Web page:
Newsletter

Subscribe to the latest news from the Nordic Labour Journal by e-mail. The newsletter is issued 9 times a year. Subscription is free of charge.

(Required)
You are here: Home i News i News 2001 i Need for closer co-operation on labour force mobility between Nordic and Baltic countries
Need for closer co-operation on labour force mobility between Nordic and Baltic countries
News

Need for closer co-operation on labour force mobility between Nordic and Baltic countries

| Text: Berit Kvam, Photo: Heikki Löflund

Ministers of labour from the Nordic countries and Baltic states have agreed to increase bilateral and multilateral dialogue and the exchange of views on common labour market policy issues actively and on all levels. The decision was reached at the first meeting between the Nordic and Baltic ministers of labour held in Tavastehus, Finland, on 22 October. The main issue of discussion concerned labour force mobility between the Nordic and Baltic countries. The Finnish Minister of Labour, Tarja Filatov, hosted the meeting. Due to regional differences in employment and the increasing average age of the labour force, questions concerning labour force mobility have played a key role during the Finnish chairmanship of the Nordic cooperation this year.

The topics of discussion were: How can the countries assess the development of labour force mobility between the Nordic countries and Baltic States? To what extent is there a need to the further develop the firm co-operation between the Nordic and Baltic labour market authorities with reference to the mobility of labour?

Free movement of labour has been possible between the Nordic countries since 1954, when the agreement on a common Nordic labour market was reached. Nordic ministers of labour have worked together within the framework of the Nordic Council of Ministers since the 1970s. In contrast to the mobility within the Nordic countries, the mobility of labour between the Nordic and Baltic countries has so far been relatively insignificant, with the exception perhaps of Finland where 11,000 people, equalling 10% of Finland’s foreign population, originally come from Estonia.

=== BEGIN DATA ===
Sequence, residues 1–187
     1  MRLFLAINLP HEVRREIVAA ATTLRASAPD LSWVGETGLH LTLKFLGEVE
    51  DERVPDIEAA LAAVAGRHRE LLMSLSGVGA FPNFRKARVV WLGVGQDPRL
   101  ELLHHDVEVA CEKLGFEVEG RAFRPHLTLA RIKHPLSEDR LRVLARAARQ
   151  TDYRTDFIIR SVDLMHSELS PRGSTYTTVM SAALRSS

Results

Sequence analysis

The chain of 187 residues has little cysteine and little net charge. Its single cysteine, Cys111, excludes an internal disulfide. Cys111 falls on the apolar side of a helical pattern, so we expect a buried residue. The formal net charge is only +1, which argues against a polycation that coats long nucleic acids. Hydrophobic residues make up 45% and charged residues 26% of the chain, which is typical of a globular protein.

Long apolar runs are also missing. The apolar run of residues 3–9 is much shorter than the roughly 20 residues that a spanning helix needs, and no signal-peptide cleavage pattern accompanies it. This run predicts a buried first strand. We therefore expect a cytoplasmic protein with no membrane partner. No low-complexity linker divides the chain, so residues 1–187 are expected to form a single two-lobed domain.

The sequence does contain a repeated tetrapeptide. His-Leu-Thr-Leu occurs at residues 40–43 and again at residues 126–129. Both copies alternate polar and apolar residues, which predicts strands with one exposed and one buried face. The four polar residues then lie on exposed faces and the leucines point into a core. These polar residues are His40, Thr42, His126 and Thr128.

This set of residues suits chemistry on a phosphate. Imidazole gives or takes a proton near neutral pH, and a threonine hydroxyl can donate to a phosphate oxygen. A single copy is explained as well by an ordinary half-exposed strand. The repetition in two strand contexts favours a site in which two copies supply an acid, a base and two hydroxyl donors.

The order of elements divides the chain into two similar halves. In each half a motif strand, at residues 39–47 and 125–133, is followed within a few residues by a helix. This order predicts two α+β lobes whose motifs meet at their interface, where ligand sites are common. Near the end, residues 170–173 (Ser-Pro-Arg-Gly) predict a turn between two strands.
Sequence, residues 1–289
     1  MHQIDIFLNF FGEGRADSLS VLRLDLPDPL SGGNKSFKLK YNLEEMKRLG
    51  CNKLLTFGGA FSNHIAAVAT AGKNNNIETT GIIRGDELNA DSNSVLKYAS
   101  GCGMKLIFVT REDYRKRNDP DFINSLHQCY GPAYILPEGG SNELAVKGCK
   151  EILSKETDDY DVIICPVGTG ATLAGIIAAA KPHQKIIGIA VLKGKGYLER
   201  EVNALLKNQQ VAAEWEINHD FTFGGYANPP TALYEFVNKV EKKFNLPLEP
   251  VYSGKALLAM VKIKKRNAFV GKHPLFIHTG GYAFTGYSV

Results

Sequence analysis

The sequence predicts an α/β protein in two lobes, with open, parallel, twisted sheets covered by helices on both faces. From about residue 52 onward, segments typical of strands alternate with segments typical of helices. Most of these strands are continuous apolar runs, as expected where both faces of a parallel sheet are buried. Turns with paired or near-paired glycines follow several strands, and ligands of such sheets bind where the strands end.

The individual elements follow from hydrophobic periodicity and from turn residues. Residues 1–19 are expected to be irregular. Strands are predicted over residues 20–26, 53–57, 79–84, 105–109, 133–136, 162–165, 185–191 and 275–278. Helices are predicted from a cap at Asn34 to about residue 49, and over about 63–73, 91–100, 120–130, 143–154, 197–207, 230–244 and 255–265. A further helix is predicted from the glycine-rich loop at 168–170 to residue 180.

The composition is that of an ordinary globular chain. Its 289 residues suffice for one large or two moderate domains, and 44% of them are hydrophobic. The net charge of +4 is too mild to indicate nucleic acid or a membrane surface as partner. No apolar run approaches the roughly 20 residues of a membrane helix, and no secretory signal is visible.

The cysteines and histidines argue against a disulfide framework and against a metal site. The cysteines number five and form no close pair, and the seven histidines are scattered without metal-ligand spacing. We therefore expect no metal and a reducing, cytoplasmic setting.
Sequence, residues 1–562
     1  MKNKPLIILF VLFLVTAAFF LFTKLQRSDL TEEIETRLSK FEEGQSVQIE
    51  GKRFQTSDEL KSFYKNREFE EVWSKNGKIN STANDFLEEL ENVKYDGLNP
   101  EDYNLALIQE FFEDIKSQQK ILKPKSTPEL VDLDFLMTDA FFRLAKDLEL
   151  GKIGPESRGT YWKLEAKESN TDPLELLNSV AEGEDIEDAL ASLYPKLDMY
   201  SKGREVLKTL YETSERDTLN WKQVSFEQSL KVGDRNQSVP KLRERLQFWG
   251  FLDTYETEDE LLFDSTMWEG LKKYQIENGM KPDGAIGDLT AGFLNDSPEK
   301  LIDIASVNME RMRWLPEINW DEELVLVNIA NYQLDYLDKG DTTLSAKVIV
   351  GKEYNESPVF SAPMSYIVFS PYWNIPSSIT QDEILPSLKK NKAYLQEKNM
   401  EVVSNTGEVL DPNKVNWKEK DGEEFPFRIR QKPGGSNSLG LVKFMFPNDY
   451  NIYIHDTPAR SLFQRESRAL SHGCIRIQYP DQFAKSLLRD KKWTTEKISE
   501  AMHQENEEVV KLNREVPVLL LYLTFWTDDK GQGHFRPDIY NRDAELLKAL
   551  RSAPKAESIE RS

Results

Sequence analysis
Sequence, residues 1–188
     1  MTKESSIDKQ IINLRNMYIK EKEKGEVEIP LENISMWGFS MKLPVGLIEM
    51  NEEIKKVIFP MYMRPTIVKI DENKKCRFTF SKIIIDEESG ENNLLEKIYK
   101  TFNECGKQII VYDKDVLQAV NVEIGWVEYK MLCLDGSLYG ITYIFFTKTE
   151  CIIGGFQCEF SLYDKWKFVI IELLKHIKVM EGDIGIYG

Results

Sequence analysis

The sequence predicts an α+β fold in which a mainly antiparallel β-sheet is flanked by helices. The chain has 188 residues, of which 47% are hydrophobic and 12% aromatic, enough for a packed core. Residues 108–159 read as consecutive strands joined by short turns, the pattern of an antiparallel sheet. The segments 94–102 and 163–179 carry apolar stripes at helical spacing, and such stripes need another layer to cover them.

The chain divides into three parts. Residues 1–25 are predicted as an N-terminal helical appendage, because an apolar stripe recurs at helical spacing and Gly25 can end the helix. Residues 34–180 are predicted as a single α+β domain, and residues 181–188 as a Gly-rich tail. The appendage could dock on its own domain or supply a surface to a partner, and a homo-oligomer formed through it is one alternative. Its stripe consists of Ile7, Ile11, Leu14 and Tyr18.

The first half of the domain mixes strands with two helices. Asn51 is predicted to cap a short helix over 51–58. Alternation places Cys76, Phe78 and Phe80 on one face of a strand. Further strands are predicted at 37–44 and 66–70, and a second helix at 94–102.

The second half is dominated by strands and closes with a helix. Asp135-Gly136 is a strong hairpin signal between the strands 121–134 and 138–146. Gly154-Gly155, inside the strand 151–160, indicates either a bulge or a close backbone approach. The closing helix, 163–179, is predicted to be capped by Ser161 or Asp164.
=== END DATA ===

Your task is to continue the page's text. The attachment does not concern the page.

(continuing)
Labour force mobility was discussed as part of the EU enlargement debate this year. Whereas Finland predicts a transitional period of two years, both Denmark and Sweden have declared that they will open their labour markets to citizens from the Baltic countries as well as other new member states, on equal terms with the rest of the member states, from day one of their membership in the EU.

Iceland and Norway intend to do the same within the framework of the EEA. If unexpected imbalances develop as a result of the enlargement, these countries will reserve the right to take appropriate action.

Brain drain, brain waste or brain gain?

Although Estonian minister, Eiki Nestor, insisted that he understands Finland’s position with its background of high unemployment, he also said that he would like to see Finland adopt the same position as the rest of the Nordic countries. His worry is that only the well-educated will be granted mobility.

"Estonia is a small nation with a workforce of only 600,000. What we are afraid of, is some kind of selective movement of labour, whereby the most qualified and most educated people will be given priority. That would have a disastrous effect on our economy and mean a differentiation of citizens that would be hard to explain. Everyone must have the same right," said Mr Nestor, Estonian Minister for Social Affairs.

Andrejs Pozarnovs, the Latvian Minister for Welfare, supported Mr Nestor’s position:

"Mobility must have an equal footing. Both skilled and unskilled labour must have access to the labour market," he emphasised. "Unemployment in Latvia differs from region to region, and educated people are also needed in Latvia. Certainly we see the need to increase mobility, and we are in favour of co-operation when it comes to research. We would also like to receive information about job vacancies in the Nordic countries and be able to supply the same. Mobility must benefit both sides. Future debate will concern labour shortage, not excess," Mr Pozarnovs continued.